# Extreme value

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An extreme value, or extremum (plural extrema), is the smallest (minimum) or largest (maximum) value of a function, either in an arbitrarily small neighborhood of a point in the function's domain — in which case it is called a relative or local extremum — or on a given set contained in the domain (perhaps all of it) — in which case it is called an absolute or global extremum (the latter term is common when the set is all of the domain).

As a special case, an extremum that would otherwise be considered a relative/local extremum but occurs at an endpoint (or more generally a boundary) of the function's domain is sometimes called an endpoint or boundary extremum and is not considered a relative/local extremum, although it may be an absolute/global one.

Note that in the case of relative/local extrema, it is common to concentrate on where the extrema occur (i.e., the "x-values") rather than what the extreme values actually are (the "y-values"), whereas in the case of absolute/global extrema it is common to concentrate on the extreme value itself (the "y-value"). However, in either case both values may be given — e.g., $f(2)=5$ if the extreme value 5 occurs at $x=2$.

Extrema can be found by taking the derivative of a function and setting it to equal zero. If the second derivative at this point is positive, it is a minimum, and vice versa.

## DefinitionsEdit

### For a real-valued function of a single real variableEdit

Given $f:\Re\to\Re$,

• $f$ achieves a relative maximum (or local maximum) at $x_0$ if there is some open interval $I$ containing $x_0$ for which $f(x)\le f(x_0)$ for all $x$ on $I$;
• $f$ achieves a relative minimum (or local minimum) at $x_0$ if there is some open interval $I$ containing $x_0$ for which $f(x)\ge f(x_0)$ for all $x$ on $I$;
• $f$ achieves its absolute maximum (or global maximum) value $f(x_0)$ on a set $D$ if $\vec x_0\in D$ and $f(x)\le f(x_0)$ for all $x$ in $D$;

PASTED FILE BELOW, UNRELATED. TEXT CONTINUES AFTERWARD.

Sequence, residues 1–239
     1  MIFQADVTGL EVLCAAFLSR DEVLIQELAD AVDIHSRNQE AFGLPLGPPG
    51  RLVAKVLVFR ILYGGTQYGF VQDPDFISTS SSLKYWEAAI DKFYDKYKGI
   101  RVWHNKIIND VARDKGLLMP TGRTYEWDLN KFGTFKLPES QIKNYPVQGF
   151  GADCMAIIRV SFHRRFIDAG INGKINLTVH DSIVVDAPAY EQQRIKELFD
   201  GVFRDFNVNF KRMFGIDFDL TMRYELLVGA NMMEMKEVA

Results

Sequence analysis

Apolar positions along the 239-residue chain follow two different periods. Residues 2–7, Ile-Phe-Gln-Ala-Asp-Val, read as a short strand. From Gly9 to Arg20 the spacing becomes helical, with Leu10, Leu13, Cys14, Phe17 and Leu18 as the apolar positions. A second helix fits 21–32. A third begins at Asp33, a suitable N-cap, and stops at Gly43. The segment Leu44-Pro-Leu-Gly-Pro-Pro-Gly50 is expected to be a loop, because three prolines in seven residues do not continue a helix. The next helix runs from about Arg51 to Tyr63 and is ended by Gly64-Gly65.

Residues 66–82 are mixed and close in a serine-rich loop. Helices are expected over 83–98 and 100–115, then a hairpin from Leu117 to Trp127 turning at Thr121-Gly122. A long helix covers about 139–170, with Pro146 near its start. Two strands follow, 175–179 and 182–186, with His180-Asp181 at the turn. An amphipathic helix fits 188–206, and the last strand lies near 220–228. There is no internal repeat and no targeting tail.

• $f$ achieves its absolute minimum (or global minimum) value $f(x_0)$ on a set $D$ if $\vec x_0\in D$ and $f(x)\ge f(x_0)$ for all $x$ in $D$.

Note also that a relative/local extremum cannot happen at an endpoint of the function's domain.

### For a real-valued function of more than one real variableEdit

Given $f:\Re^n\to\Re$, for some integer $n>1$,

• $f$ achieves a relative maximum (or local maximum) at $\vec x_0$ if there is some open ball $B$ containing $\vec x_0$ for which $f(\vec x)\le f(\vec x_0)$ for all $\vec x$ in $B$;
• $f$ achieves a relative minimum (or local minimum) at $\vec x_0$ if there is some open ball $B$ containing $\vec x_0$ for which $f(\vec x)\ge f(\vec x_0)$ for all $\vec x$ in $B$;
• $f$ achieves its absolute maximum (or global maximum) value $f(\vec x_0)$ on a set $D$ if $\vec x_0\in D$ and $f(\vec x)\le f(\vec x_0)$ for all $\vec x$ in $D$;
• $f$ achieves its absolute minimum (or global minimum) value $f(\vec x_0)$ on a set $D$ if $\vec x_0\in D$ and $f(\vec x)\ge f(\vec x_0)$ for all $\vec x$ in $D$.

Here $\vec x$ is a vector representing the n-tuple $(x_1,x_2,\ldots,x_n)\in\operatorname{dom}f$.

Note that a relative/local extremum cannot happen on the boundary of the function's domain.